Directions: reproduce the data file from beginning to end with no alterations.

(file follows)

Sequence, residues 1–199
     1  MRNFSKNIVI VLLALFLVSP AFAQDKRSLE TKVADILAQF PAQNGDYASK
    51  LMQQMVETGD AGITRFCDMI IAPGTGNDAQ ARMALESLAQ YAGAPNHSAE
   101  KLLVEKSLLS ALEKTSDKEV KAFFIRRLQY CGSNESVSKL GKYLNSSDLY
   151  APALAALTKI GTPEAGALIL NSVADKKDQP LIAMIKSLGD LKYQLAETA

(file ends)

Sequence, residues 1–199
     1  MRNFSKNIVI VLLALFLVSP AFAQDKRSLE TKVADILAQF PAQNGDYASK
    51  LMQQMVETGD AGITRFCDMI IAPGTGNDAQ ARMALESLAQ YAGAPNHSAE
   101  KLLVEKSLLS ALEKTSDKEV KAFFIRRLQY CGSNESVSKL GKYLNSSDLY
   151  APALAALTKI GTPEAGALIL NSVADKKDQP LIAMIKSLGD LKYQLAETA